and no one ever opened the box
because they didn’t know what was in it.
They put it on top of a very high cupboard
where no one could see it
and it wouldn’t be a bother to anyone.

The box waited.

It waited all day and all night.
And all night and all day.
and all day and all night

for years and years and years

until one day, they –
the people in the house
had a child.

The box waited.

It waited all day and all night
and all night and all day
and all day and all night

for years and years and years

until one day
the child
grew into a boy
of 12 years old.

and the boy went exploring.

He explored in the kitchen and the hallway
and the laundry and the bathroom,
and the living room and the bedrooms.

He explored under the stairs and in the garden
and in the shed and in the garage
and under the beds and inside the wardrobes

He explored whenever and wherever he could
and when he thought he could explore no more
he went into the spare room –

and that was when he found the box.

The box was on the top of the wardrobe
where the boys parents had left it
and for some reason –
though the boy was pretty brave as boys go
he didn’t want to open it.

The boy thought of all the things
the box might contain.

He thought it might contain –

a crocodile with yellow fangs
or an annaconda with a plan.

The more he looked at it
the more he felt certain that it might contain
something that he wouldn’t want to find –

like a monster made of cardboard boxes
or a monster made of sharp knives
or a monster made of shadowy creatures
or a monster made of lots of eyes

And the box waited
and the boy waited
and the box waited
and the boy waited

until at long last neither the boy or the box could wait any longer
and one night – when everyone else had gone to bed
The boy walked from his room
into the room with the box
and put a chair against the wardrobe
and stood on the chair
and reached up to the box
and slowly,
very, very slowly
using a blunt knife to cut the tape
he opened the box up….

On Route

July 2, 2008

These photos
were taken by Red Riding
on her way across the forest –

they start in summer,

(lizard green and yellow
like a salamander’s gullet)

end in Jan,

(bright teeth, lodged against the
black mouths of curved paths.)

You can’t see the girl
in any of them.
She was behind the lense.

There’s one –
that’s opened up a bowl
of tangled roots.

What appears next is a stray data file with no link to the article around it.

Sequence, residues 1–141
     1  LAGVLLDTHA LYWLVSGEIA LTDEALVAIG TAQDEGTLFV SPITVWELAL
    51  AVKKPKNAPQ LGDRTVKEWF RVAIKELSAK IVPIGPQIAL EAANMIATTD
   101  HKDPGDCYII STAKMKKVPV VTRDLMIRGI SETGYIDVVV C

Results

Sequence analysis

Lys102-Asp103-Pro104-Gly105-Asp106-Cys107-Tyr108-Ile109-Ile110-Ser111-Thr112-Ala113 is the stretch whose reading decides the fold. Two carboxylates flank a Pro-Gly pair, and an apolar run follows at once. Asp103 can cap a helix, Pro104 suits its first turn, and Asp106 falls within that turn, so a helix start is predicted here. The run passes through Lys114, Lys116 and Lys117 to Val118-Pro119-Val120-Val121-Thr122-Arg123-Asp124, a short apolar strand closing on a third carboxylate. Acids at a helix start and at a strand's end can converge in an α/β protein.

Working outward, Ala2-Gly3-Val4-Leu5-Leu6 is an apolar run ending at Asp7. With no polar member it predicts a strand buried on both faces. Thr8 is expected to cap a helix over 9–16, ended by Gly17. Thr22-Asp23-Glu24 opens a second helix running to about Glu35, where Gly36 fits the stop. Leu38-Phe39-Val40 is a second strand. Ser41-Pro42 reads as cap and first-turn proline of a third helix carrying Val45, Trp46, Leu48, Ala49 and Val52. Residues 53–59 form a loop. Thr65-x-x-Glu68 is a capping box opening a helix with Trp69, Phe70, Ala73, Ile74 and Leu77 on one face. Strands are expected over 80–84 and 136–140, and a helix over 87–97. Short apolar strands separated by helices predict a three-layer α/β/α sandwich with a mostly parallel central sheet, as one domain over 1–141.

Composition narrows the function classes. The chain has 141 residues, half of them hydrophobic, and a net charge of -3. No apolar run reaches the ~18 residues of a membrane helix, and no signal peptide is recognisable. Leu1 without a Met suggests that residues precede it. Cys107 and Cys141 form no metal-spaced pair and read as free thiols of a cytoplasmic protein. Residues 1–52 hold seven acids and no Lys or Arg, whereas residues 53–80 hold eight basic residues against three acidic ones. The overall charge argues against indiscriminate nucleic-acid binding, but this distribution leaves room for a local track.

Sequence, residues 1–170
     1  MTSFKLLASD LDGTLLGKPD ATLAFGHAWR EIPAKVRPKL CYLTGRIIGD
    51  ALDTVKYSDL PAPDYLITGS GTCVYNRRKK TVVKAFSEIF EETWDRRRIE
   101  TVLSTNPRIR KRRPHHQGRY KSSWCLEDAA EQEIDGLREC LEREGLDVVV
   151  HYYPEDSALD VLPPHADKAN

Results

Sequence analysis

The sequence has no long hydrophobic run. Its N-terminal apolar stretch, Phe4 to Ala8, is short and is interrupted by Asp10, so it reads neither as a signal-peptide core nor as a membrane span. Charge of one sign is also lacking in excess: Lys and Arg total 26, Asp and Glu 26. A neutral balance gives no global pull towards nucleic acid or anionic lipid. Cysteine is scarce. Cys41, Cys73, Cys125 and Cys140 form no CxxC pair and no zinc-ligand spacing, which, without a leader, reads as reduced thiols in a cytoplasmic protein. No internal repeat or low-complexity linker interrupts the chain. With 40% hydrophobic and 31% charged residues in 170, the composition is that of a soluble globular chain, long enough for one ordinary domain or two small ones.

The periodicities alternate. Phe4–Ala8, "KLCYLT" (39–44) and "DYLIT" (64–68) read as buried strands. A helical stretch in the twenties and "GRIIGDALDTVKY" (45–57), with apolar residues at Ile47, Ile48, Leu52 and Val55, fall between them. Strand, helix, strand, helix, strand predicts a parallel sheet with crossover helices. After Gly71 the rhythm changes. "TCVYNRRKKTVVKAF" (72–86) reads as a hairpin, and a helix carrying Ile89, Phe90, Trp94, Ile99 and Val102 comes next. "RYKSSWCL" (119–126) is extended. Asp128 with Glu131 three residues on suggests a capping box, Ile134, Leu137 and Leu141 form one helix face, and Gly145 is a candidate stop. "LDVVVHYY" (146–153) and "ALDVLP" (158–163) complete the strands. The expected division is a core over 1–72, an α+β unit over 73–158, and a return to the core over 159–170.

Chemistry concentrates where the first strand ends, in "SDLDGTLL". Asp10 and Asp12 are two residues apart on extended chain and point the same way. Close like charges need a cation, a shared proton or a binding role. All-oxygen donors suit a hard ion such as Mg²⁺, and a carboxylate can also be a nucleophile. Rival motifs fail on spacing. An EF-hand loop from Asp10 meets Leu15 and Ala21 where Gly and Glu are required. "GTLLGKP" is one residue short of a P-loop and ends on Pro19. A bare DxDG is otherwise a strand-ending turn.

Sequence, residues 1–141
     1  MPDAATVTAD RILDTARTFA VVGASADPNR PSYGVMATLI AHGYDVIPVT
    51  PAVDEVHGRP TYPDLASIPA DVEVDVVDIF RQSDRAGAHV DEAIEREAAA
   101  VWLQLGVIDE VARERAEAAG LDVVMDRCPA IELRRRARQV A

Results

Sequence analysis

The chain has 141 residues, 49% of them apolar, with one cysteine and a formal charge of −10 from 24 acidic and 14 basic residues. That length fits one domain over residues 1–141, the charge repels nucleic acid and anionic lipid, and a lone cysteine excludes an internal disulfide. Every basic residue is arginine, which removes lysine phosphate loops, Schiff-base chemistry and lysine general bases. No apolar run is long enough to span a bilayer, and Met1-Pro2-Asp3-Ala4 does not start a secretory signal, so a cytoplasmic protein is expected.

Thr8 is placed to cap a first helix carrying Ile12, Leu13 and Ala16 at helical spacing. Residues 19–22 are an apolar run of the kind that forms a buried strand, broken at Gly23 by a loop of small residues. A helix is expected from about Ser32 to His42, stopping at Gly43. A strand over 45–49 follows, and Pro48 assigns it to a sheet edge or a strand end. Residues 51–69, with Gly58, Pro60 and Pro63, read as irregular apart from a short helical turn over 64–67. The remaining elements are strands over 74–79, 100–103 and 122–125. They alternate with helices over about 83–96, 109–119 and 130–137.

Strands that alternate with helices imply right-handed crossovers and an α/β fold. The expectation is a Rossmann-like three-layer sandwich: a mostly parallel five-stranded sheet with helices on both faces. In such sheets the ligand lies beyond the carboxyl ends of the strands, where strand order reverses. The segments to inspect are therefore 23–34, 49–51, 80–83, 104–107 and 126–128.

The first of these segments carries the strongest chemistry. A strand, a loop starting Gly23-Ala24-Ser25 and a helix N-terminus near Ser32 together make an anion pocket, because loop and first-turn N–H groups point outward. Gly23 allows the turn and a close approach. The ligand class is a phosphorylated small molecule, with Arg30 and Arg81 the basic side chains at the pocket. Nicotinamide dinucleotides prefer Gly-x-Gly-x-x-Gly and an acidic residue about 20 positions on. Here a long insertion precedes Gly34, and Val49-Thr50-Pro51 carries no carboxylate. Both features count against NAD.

She took it as the wolf
had got her by the throat.

But can you see the shadow in the last?

It’s a photograph
of the blossom scattered ground –
and the detail is lost in the twigs,

but there she is –

she’s a dark shape
picking the fur
from off his skin –

sewing it in-
to a bloody coat.

Bells

June 29, 2008

She eased herself into the chair
like it was the palm of a giant
and she was the drawing
of a china doll. Days like this
they left her feeling old
but like a child and then
she’d think of school:
sharp bells – pulling into rooms,
down corridors, up stairs,
the bell for fire, that also meant
the massed crush of blue clothes,
her place in lines of classroom groans,
only leaving more exposed,
the beating bells
of inward breaths,
raised lungs,
straight chests. The bell
ringing in the morning,
too early for safe in the world.
She always thought the bells would stop
She should have known
She should have heard them
ringing then.

Venus Meets a Mannequin

June 19, 2008

Someone has painted the mannequin gold:
like the woman in the book
who got hit by her boyfriend – Midas’s girl.

Venus feels sorry for her,
she looks drawn – stretched with hunger,
dressed in swim wear – Venus –

traces the line of her narrow torso,
presses a palm against the window,
mouths words:

‘Are you in any pain?’
‘Is there anything I can do?’

Midas’s girl
stares straight ahead.
Says nothing.

They ask her if no clothes will be a problem.
Venus says no. She’s used to this –

days at sea and not a stitch
but they ask her to do strange things:

touch herself all over
like she’s got a broken limb.

She tells them that she’s good with shells.
Standing in one like a bell

But the studio, it’s got a style:

Venus gets a deeper tan
Lifts her hair from gold to platinum.

The photographer adjusts a light
to line a curve – smooth a thigh.

They say the game would earn her twice
If she could up her breasts a size.